Catalina Girald is asking the Shark Tank investors to put their money in Naja — a lingerie company that she says is not only luxurious, but is doing good. She says that the company is disrupting the lingerie business.

The items have inspirational messages inside, such as “Be yourself; everyone else is taken,” “I am not weird; I’m limited edition,” and others. This, Girald says, is because, unlike most lingerie, these aren’t designed for the men who will look at them, but for the women wearing them.

The company invests in women, by educating and training them to make the product, and owns its own manufacturing facility, as well as the raw materials.

She has sales of about $145k in less than six months. Profit margins are 72%.

[name] is asking the sharks to invest in [company] to enable it to

The offer to the sharks is 5% of the company for a $500 investment.

The sharks seemed to think that Girald’s valuation was off, though. They said she hadn’t built the kind of brand or had the kind of profits so far that justified a valuation of that level.

Mark Cuban was the first to bow out, because he felt that the sales were below what they should be, and the percentage of repeat customers wasn’t high enough.

Robert Herjavec was next: “Beautiful designs. I don’t see it today, at that value. I’m out.”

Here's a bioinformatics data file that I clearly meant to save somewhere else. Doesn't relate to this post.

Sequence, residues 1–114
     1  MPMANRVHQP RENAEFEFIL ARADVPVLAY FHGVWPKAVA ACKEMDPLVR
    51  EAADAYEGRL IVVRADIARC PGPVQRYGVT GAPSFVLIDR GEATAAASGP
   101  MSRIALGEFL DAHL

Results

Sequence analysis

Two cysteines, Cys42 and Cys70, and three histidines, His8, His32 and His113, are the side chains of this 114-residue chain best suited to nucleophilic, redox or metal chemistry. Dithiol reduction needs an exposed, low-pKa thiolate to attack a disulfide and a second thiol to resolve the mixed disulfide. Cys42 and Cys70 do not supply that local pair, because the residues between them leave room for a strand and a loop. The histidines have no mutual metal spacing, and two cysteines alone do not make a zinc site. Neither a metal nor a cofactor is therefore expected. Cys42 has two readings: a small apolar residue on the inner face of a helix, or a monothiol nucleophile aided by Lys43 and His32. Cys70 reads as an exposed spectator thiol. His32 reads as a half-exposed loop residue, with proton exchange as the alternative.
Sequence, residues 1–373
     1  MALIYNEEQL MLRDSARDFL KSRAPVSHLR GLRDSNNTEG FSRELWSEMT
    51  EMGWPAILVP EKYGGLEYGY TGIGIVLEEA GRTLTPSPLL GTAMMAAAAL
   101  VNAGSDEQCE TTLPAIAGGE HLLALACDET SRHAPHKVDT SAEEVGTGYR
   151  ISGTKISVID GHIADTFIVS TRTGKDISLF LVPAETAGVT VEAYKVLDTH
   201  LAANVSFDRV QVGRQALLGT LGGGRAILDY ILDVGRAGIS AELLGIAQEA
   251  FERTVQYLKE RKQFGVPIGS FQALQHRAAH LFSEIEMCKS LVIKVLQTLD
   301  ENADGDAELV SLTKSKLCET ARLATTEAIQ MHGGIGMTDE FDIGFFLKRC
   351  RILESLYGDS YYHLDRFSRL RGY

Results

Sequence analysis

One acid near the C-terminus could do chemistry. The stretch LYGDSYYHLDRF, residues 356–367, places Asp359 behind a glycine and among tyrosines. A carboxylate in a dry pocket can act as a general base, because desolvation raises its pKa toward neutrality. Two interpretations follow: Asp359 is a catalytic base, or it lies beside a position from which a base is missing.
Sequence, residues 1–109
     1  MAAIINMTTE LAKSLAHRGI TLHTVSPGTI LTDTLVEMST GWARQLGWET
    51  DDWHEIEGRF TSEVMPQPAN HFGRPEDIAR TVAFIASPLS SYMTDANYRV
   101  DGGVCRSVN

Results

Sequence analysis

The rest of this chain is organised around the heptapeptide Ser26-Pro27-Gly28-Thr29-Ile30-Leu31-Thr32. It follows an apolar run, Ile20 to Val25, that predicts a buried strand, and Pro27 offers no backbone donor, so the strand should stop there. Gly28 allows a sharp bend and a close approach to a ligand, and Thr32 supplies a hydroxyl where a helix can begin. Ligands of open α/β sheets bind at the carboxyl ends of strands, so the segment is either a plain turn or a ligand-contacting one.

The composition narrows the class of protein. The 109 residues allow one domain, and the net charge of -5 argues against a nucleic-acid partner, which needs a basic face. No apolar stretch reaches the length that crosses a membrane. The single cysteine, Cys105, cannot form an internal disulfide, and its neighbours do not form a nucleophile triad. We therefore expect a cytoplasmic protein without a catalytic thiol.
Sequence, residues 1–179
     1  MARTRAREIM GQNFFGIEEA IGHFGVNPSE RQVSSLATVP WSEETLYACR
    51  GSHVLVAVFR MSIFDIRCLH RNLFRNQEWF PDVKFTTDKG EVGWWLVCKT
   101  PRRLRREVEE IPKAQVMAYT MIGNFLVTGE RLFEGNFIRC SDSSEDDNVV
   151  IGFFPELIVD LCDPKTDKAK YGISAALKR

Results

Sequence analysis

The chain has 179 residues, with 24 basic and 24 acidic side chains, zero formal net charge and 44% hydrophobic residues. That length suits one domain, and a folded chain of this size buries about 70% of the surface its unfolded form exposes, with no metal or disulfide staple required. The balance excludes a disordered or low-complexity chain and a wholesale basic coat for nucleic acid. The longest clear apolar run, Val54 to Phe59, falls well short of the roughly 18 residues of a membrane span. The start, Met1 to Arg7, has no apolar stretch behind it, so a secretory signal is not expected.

Kevin O’Leary was third. He said if he was going to invest half a million, he’d want half the business. While Girald shook her head, he insisted. “I’m serious.”

“I’m serious too,” she replied. “No. Not happening.”

“Okay,” Kevin retorted, “You’re dead to me. I’m out.”

Lori Greiner wanted Girald to take a lesson from the experience. She said that too many people get caught up in raising money, and forget to focus on selling the product. “I’m out.”

Daymond John was the only shark left, and he asked Girald, “How do you think your negotiation style has worked today?” He went on to say she’d corrected the sharks and argued when they’d only been trying to collect information, and that it left him torn, because, “Honestly, I don’t know if I’ve ever seen better designs.”

He, too, disputed the $10 million valuation, and the sharks went into another round of questions, asking what Girard projects to make in two years — her answer was about $14 million per year. This spurred questions from Lori — where do these projections come from? The other sharks interjected to tell Girald that these numbers weren’t realistic.

Daymond spoke again, saying that if the valuation had been right for him, he’d’ve been ‘all in,’ but since it isn’t, he’s out.

Catalina Girard left the Shark Tank with no deal for Naja.

Photo: Naja

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